Women's Basketball
Nyah Leveretter Molded by Disciplined Upbringing

Nyah Leveretter Molded by Disciplined Upbringing

by Aliyah McDaniel

Kentucky women’s basketball forward Nyah Leveretter is never late and lives a very structured life. Coming from a military family, the lessons she has learned about organization and discipline directly translate to her life as a student athlete.

The junior was born at Fort Campbell, Kentucky, an Army base that sits right on the border of Tennessee and the Bluegrass State. She lived there for a few years and moved to Japan once she turned five.

“I was young, so I didn’t understand what overseas meant,” Leveretter said. “I was thinking we were moving down the street. But no, we got on the plane and it was a long flight. They even gave us meals on the flight.”

In Japan, her family lived on an Air Force base named Kadena, even though her dad was in the Army. Nyah remembers it being “like a whole other world… It was 10 minutes from the beach, and you could go off post and just explore Japan and the culture there. It was just very different. It was like a little America in Japan.”

Though sometimes it felt like a little America, she still experienced some culture shock with things like not having weekends off from school, and the different foods she got to try.

“Even just going out with my parents off base, we would go to restaurants, we would have curry,” Leveretter said. “You would think some of the best food there would be sushi and seafood, but I think one of my favorite restaurants was a steak restaurant. The steak was just so different there. I want to go back so bad, so I can just experience it as an adult.”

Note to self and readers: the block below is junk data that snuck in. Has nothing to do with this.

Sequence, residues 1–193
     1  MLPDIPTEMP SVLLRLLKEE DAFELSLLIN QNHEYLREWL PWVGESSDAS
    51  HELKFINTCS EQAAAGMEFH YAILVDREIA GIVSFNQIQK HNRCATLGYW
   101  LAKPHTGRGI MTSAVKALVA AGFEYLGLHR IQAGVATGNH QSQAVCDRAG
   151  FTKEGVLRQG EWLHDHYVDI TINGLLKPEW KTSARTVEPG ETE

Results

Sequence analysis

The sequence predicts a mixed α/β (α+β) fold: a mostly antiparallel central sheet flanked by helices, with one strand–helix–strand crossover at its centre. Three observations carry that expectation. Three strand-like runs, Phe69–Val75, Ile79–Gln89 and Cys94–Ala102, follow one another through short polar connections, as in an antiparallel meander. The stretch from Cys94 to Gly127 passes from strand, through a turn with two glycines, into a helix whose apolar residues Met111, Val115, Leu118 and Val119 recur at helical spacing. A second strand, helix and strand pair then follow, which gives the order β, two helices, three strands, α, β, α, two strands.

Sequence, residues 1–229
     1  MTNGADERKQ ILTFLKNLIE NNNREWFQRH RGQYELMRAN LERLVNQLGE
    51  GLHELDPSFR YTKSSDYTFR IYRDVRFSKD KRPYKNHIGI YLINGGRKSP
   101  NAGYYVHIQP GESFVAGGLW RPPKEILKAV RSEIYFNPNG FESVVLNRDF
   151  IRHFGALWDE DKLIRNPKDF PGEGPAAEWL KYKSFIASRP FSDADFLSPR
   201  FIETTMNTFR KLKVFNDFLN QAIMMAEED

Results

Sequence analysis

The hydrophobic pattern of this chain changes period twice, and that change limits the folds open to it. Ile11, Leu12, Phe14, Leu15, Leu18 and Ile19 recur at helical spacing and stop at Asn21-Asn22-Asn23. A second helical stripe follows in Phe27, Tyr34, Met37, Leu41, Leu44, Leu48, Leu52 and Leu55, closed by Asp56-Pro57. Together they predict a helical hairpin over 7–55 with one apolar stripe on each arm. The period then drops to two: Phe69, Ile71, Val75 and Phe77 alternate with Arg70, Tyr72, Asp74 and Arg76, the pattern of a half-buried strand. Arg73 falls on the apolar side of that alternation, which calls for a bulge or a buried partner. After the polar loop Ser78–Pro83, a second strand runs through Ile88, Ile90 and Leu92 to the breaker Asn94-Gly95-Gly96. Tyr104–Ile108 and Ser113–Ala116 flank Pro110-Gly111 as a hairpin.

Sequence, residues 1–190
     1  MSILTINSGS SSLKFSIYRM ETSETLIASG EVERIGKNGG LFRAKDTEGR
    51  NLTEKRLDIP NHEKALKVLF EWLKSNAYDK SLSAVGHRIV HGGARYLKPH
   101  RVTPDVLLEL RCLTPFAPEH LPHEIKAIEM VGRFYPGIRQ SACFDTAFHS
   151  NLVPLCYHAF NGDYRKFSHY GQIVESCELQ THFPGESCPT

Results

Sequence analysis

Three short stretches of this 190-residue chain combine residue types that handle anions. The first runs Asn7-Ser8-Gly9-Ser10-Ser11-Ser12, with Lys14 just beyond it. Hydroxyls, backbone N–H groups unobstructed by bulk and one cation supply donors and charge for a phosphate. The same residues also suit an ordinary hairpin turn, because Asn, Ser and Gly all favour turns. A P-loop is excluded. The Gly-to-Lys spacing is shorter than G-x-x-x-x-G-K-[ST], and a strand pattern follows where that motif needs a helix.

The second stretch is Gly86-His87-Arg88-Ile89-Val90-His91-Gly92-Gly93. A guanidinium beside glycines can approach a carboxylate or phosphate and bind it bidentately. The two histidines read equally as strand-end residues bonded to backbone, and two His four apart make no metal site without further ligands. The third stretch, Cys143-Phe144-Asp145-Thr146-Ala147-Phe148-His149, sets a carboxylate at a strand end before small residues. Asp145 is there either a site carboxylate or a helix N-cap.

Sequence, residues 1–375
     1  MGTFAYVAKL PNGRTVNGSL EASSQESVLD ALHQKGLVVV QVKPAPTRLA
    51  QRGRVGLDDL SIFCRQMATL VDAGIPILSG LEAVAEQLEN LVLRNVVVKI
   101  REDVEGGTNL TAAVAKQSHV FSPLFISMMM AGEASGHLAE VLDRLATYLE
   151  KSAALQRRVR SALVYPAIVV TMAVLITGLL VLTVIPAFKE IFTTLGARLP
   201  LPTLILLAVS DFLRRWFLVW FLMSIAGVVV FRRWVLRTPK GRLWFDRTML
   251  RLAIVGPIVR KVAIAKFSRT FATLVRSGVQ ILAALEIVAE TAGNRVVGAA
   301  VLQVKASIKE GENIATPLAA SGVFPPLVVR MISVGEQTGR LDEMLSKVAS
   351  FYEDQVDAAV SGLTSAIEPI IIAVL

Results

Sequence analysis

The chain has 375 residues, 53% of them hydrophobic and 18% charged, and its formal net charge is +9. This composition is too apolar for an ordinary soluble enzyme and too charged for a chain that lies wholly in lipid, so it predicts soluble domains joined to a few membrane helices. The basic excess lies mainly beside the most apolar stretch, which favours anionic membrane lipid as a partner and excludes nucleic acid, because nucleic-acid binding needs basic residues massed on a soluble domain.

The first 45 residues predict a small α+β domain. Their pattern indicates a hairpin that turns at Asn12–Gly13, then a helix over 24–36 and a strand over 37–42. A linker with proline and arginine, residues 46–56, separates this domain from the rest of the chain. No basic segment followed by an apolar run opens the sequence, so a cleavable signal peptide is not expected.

Another shock was how safe it was in Japan. Though she was still too young to go places by herself, her parents felt comfortable with her older brother going both on and off post with his friends, without having to worry about a lot of danger and crime. When they moved back to the states in Georgia, the freedom and leniency she did have was adjusted tremendously.

Being back in the U.S. brought its own forms of culture shock as well.

“My dad is a big (Philadelphia) Eagles fan and he was also a big Duke fan,” Leveretter said. “We moved to Georgia and everybody is a Falcons fan in Atlanta. I didn’t know who the Falcons were. I didn’t know any SEC basketball. I didn’t even know what March Madness was. I had no idea about any of this because I was so young and all I knew was Japan. It was very different.”

Her family stayed in McDonough, Georgia off post for about a year, then moved to South Carolina, where Nyah considers home. Her dad was placed at an airbase in Fort Sumter, but they lived an hour away in Blythewood, due to higher crime rates in the Fort Sumter area. This is where she would stay for the remainder of her middle and high school years. To finally be somewhere for a long period of time was an adjustment for her as well.